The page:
It is clear therefore, that any single number that represents the predictive power of the method must account for all the possibilities listed above. MCC fulfils these requirements. Matthews’ coefficient is defined as shown in Equation (1):
M C C = ( T P × T N ) - ( F P × F N ) ( T N + F N ) × ( T N + F P ) × ( T P + F P ) × ( T P + F N )
The Matthews correlation coefficient ranges from −1 ≤ MCC ≤ 1. A value of MCC = 1 indicates the best possible prediction, in which every compound in the model was correctly classified, whereas if MCC = −1 then we are in the worst possible case (or anti-correlation), where no one single compound has been correctly labeled. Finally, a Matthews correlation coefficient of MCC = 0 is what would be expected for a random prediction.

2.4. Pharmacological-Activity Distribution Diagrams

A pharmacological distribution diagram (PDD) is a graphical representation that provides a straightforward way of visualizing the regions of minimum overlap between active and inactive compounds, as well as the regions in which the probability of finding active compounds is at a maximum [20].
Actually, a PDD is a frequency distribution diagram of dependent variables in which the ordinate represents the expectancy (probability of activity) and the abscissa represents the DF values in the range. For an arbitrary range of values of a given function, an “expectancy of activity” can be defined as Ea = a/(i + 1), where “a” is the number of active compounds in the range divided by the total number of active compounds and “i” is the number of inactive compounds in the interval divided by the total number of inactive compounds. The expectancy of inactivity is defined in a symmetrical way, as Ei = i/(a + 1). Presented with these diagrams, it is easy to visualize the intervals in which there is a maximum probability of finding new active compounds and a minimum probability of finding inactive compounds.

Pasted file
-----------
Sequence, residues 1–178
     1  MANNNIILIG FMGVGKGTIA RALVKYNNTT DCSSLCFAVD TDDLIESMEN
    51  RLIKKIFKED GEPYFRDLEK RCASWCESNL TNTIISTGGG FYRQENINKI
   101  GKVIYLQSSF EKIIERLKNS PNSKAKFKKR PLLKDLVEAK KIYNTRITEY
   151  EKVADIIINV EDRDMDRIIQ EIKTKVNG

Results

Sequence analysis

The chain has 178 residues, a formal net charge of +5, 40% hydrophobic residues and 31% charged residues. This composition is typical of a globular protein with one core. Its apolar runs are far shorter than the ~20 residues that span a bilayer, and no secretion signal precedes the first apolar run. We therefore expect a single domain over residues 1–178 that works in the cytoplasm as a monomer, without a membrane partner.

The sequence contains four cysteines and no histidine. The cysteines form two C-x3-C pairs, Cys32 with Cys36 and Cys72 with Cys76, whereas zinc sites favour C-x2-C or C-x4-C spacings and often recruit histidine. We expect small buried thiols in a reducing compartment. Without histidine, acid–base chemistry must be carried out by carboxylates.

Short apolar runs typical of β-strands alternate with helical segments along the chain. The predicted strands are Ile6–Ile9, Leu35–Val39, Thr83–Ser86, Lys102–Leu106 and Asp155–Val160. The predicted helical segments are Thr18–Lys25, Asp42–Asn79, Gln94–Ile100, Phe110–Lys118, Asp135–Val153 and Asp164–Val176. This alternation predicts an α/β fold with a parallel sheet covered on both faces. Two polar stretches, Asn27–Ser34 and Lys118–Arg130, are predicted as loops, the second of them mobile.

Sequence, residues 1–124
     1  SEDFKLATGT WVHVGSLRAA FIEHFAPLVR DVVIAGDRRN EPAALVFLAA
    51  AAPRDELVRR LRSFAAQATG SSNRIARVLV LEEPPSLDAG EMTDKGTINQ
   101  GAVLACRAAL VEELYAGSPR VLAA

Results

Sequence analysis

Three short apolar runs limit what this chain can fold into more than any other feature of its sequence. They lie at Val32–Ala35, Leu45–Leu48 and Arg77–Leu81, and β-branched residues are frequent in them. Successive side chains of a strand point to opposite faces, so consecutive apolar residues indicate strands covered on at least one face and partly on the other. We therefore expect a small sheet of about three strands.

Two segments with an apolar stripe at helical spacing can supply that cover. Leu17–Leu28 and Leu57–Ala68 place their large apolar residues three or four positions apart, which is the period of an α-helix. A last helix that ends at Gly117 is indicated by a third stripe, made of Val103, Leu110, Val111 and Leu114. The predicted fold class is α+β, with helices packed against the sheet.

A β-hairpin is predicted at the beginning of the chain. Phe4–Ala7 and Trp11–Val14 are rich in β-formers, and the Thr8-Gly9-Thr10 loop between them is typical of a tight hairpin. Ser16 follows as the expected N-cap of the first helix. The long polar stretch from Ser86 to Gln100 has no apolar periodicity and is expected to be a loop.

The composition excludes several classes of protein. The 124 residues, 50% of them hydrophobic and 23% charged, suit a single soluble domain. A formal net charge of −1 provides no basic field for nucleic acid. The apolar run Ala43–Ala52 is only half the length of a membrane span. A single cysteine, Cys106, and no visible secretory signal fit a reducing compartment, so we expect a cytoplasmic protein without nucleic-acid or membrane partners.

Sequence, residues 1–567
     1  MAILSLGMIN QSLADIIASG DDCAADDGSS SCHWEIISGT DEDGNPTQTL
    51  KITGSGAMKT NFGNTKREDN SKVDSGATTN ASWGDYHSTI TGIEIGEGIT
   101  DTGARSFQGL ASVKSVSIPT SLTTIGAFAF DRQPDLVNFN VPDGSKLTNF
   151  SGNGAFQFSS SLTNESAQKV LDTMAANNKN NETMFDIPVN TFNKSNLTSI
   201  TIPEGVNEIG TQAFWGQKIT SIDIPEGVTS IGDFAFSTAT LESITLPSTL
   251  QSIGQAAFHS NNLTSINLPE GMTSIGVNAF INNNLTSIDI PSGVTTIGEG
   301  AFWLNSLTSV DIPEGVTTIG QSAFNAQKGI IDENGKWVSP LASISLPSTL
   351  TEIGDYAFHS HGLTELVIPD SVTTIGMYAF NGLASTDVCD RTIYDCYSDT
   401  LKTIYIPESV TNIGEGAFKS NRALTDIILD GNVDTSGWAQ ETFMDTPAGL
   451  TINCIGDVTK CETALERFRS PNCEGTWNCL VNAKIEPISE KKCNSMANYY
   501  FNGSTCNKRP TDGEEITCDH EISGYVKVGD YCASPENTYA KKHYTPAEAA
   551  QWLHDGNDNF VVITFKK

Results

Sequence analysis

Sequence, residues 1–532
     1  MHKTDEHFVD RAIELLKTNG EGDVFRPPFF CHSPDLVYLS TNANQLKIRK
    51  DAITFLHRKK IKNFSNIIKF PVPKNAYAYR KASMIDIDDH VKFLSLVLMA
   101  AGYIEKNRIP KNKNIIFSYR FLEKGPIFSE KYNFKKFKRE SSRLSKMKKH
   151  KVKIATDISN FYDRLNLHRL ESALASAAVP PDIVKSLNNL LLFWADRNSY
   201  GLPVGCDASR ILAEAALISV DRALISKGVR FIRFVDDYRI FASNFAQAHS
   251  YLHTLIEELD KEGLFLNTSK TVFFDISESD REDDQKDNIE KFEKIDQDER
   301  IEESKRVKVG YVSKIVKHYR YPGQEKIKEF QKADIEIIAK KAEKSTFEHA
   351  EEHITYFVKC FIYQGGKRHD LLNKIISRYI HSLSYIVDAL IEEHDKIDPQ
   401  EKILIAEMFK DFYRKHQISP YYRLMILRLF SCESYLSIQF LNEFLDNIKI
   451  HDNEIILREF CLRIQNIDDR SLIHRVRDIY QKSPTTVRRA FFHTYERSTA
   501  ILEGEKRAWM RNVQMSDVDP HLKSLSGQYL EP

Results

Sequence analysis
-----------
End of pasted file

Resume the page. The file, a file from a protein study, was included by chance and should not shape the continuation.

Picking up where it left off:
2.5. Topological Virtual Screening

The topological model resulting from DF function was used to find new natural anti-inflammatory compounds. A group of compounds from MicroSource Pure Natural Products Collection database, that has not been employed neither in the training set nor in the test set, were screened for the search of potential new anti-inflammatory natural compounds.

3. Results and Discussion

3.1. Similarity Study

A study of compounds’ similarity was previously carried out in order to guarantee that no simple or evident structural features are discriminating between the molecules that make up the data set. Thus, molecular weight, MW, partition coefficient, logP, (values estimated for log P with Dragon software, [17]) and Randic index, 1χ, have been calculated for all compounds in the database. These descriptors give us information about the molecular size, lipophilia and molecular branching, respectively.
For these parameters in the training set, we obtained an average value of 300 (MW), 2.66 (logP) and 10.4 (1χ) for the active compounds, whereas average values of 372 (MW), 2.7 (logP) and 10.9 (1χ) were obtained for the inactive ones. Hence, the set is well balanced and no obvious structural differences are expected to distort the study. The results obtained with the test set are similar to those of the training set (see Figure 1).
If we compare these values to those obtained for the selected set of anti-inflammatory natural compounds, i.e., 276.75 (MW), 2.00 (logP) and 8.12 (1χ) value, we can see that the predicted anti-inflammatory natural compounds show lower values of the three parameters, and therefore the structures selected from natural compounds are diverse from those already well-known and used in the training set.